Posted in family drama, Playwrights Horizons, politics, Roundabout Theatre Company

Identity Politics

Identity is both personal and political.

For the Fischer family in Steven Levenson’s new play, If I Forget, closing at the Laura Pels on April 30th,  the realities of their identity are fraught.

Of the siblings, Michael (Jeremy Shamos), sees the Jewish Studies he teaches at an university from the perspective of liberal politics gone awry. He is not observant, and his book on Jewish ties to Israel is causing a rift with his sisters, Sharon (Maria Dizzia) and Holly (Kate Walsh) and their father, Lou (Larry Bryggman). Michael also feels that the connection to Israel that his non-Jewish wife, Ellen Manning (Tasha Lawrence) encourage in their daughter is not in keeping with his beliefs.

To suggest that this is a controversial position for a play on a Jewish subject to voice is a gross understatement. The subtlety of Michael’s arguments is lost on his family, but not on the audience.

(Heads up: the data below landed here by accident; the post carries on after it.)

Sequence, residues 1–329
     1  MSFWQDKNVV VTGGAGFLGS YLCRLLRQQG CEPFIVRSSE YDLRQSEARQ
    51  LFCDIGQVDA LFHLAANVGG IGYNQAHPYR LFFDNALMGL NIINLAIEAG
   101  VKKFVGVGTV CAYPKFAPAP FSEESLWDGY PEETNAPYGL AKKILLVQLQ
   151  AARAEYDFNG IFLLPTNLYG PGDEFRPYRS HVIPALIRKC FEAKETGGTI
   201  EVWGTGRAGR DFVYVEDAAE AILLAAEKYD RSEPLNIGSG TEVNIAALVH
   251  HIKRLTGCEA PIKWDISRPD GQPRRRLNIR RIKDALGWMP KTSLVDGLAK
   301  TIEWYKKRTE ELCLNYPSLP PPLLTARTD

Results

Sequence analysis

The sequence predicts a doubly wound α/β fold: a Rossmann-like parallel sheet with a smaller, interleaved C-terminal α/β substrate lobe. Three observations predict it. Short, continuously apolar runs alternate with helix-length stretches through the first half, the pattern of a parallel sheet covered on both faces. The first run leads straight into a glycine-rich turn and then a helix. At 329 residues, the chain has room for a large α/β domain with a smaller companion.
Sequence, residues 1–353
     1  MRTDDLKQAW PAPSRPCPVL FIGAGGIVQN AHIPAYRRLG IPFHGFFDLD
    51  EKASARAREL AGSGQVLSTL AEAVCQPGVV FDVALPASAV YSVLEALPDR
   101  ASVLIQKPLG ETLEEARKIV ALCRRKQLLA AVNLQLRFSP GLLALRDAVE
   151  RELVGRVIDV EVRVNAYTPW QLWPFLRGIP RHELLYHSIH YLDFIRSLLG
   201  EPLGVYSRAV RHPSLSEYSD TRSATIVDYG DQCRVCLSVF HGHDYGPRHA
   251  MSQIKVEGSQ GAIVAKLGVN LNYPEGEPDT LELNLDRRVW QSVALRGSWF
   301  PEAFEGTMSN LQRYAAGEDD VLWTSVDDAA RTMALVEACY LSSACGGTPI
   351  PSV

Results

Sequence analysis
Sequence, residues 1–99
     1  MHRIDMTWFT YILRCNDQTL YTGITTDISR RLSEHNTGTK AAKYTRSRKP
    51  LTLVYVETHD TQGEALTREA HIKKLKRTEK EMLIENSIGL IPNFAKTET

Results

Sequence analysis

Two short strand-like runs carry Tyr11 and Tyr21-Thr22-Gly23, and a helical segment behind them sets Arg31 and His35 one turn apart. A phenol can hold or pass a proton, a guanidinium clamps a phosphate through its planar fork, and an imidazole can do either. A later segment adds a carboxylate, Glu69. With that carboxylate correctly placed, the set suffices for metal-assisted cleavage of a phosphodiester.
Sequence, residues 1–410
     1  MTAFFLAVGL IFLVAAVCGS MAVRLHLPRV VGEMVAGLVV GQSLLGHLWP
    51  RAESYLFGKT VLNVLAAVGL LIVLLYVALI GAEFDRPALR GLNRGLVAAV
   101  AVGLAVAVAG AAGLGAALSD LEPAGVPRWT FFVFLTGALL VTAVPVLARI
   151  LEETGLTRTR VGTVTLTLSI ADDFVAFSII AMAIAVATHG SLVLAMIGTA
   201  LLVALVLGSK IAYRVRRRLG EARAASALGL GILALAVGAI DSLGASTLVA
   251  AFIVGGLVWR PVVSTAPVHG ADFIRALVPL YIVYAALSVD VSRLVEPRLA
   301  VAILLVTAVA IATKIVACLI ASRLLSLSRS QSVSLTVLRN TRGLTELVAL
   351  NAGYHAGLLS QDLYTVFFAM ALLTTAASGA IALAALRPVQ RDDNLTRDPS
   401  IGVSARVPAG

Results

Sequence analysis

Rounding out the cast of characters in this excellent production under Daniel Sullivan’s direction are Holly’s husband, Howard Kilberg (Gary Wilmes) and her son Joey (Seth Michael Steinberg).

If I Forget is thoughtful and thought-provoking, although it loses some credibility with a mystifying and seemingly mystical ending.

For tickets and information, please visit the Roundabout production’s website.


“Staying out of the dark ages,” as Michael would have it, may be the cri du coeur for secularists of all stripes.

The ProfaneMarch 17, 2017 – April 30, 2017 Peter Jay Sharp Theater Written by Zayd Dohrn Directed by Kip Fagan World Premiere 2016 Horton Foote Prize winner
Francis Benhamou and Tala Ashe in The Profane by Zayd Dohrn at Playwrights Horizons. Photo by Joan Marcus.

In The Profane, playing at Playwrights Horizons through May 7th, identity is as much a tetter-totter for the Arab-American Raif (Ali Reza Farahnakian) who has distanced himself from his heritage, and his daughter Emina (Tala Ashe) who is running to connect with it, as it is for the Fischers.